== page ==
Hopefully these methods will give you some more ideas to add to your existing repertoire. I did leave out beets, which I dislike, but they can be prepared in a variety of the above methods. Garlic is another root that I can’t live without, but should be added. There are numerous other roots burdock, daikon, yam, ginger that can all get it on the action, but I focused on the ones I thought could be more versatile.

Since I’ve posted a lot of recipes that I suggest above in the past, I will only post a couple quick methods (pictured above) to enjoy potatoes.

Basic Roasted Potatoes

2 pounds yukon gold potatoes (you could easily use others)
salt
pepper
vegetable oil (or other types, not extra virgin olive)
large plastic bag

Preheat oven to 375 degrees and set rack in middle of oven.

Cut potatoes into small wedges. Place in plastic bag and add about 1-2 tablespoon of oil, salt and pepper. Close bag and shake to completely coat potatoes in oil.

Place potatoes onto a baking sheet covered with tin foil. Spread potatoes around in a single layer. Cook in the middle of the oven for 30-40 minutes, checking every 15 minutes to stir to ensure all sides crispen. Cook until crispy brown, but not burned. Serve hot with your favorite dish. Enjoy!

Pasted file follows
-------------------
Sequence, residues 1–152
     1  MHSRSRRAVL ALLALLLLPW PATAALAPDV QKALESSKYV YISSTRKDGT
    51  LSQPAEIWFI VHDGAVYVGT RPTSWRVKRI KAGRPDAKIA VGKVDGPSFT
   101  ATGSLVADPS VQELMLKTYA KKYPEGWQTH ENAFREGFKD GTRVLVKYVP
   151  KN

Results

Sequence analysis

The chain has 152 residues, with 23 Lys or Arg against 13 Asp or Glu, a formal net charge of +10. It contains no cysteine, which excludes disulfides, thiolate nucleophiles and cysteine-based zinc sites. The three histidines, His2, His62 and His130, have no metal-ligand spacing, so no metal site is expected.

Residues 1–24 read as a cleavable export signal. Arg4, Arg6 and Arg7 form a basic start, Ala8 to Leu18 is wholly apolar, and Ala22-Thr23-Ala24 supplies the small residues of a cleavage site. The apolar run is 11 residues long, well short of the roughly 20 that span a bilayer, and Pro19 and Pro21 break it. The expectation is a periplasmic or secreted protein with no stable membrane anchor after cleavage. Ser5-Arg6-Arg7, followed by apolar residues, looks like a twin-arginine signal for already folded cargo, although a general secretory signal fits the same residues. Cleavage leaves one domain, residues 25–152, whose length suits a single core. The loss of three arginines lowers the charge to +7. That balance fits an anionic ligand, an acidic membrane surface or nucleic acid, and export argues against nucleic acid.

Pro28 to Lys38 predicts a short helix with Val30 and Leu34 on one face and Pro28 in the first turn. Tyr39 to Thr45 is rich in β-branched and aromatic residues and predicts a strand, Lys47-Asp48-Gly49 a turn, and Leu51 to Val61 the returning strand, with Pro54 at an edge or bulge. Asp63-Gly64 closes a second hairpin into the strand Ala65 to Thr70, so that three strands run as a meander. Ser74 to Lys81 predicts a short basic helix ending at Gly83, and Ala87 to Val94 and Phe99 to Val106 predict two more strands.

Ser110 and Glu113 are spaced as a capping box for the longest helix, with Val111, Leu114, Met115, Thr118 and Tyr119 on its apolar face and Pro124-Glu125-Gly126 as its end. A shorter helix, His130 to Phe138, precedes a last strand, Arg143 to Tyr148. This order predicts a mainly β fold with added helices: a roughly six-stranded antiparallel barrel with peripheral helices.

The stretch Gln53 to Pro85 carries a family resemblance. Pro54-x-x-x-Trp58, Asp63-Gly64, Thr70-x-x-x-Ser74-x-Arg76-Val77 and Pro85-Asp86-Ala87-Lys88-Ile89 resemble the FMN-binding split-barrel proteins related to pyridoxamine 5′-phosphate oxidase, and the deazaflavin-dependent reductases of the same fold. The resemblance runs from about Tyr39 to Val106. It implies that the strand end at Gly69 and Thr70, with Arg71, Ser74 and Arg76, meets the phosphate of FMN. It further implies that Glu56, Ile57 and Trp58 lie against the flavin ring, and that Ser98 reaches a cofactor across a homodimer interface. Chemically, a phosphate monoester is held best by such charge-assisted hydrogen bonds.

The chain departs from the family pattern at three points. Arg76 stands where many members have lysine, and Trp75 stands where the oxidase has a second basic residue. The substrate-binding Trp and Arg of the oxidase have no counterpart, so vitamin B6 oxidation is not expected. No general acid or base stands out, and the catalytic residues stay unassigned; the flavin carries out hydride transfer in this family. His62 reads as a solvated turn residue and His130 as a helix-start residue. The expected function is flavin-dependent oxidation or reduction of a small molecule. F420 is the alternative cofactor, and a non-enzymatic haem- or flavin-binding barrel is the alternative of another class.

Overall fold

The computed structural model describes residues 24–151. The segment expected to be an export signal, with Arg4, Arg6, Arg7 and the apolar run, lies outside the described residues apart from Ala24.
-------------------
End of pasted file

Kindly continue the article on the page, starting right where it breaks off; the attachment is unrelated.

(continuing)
Home Fries

~4-5 medium baking potatoes
1 small yellow onion, cut in half and the into small slices
1 small red pepper, 1/2″ dice
salt
pepper
vegetable oil

In large skillet, heat oil in pan and add onions and pepper and cook over medium-low heat.

Prick potatoes with a fork and microwave for about 5-6 minutes (depending on microwave) until cooked. Remove and immediately cut in half. Continue to cut potatoes into small wedges.

When onions and peppers, after about 8 minutes, are softened, spread to sides of pan and add additional oil. Add potatoes and increase heat to high. Cook, undisturbed for 2-3 minutes and then mix to cook potatoes on all sides. Lower heat to medium and cook until eggs (however you like them) are ready to go. Serve with eggs and enjoy!

About Evan Halperin

I like to eat. I like to cook. I like to eat what I cook. Now, I will share with you what I like to cook. My wife and I may be a vegetarian and a carnivore, but it doesn’t mean we can’t cook a nice meal with both, without compromising taste. I will share my creative meals of the Carnivore and the Vegetarian.
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4 Responses to Root Vegetables: Tips, Tricks and Recipes

  1. Great tips! I love root vegetables. I had to LOL about the omission of beets — truly a love/hate veggie, huh? I just thought I’d toss out that raw beets (try in a spiralizer for beet “noodles”) are quite tasty!

  2. Haha yea, just not a fan of them. I’m trying to like them. I think its their staining color that really gets me

  3. Natasha says:

    have you ever attempted a stove top grillpan? maybe you have to have a flame for that to work? Let me know if you do–i am always seeing them on the food network, but have never braved one myself.

  4. I haven’t. I have a grill pan, but it is just meant for one burner. Would be nice to have one that stretched across 2 burners.